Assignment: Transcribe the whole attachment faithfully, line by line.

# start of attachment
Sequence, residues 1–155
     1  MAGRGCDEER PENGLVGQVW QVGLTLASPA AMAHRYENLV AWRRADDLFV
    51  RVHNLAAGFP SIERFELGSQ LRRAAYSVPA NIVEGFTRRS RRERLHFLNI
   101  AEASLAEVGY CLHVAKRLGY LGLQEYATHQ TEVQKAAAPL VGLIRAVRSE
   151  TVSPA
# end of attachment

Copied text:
Sequence, residues 1–155
     1  MAGRGCDEER PENGLVGQVW QVGLTLASPA AMAHRYENLV AWRRADDLFV
    51  RVHNLAAGFP SIERFELGSQ LRRAAYSVPA NIVEGFTRRS RRERLHFLNI
   101  AEASLAEVGY CLHVAKRLGY LGLQEYATHQ TEVQKAAAPL VGLIRAVRSE
   151  TVSPA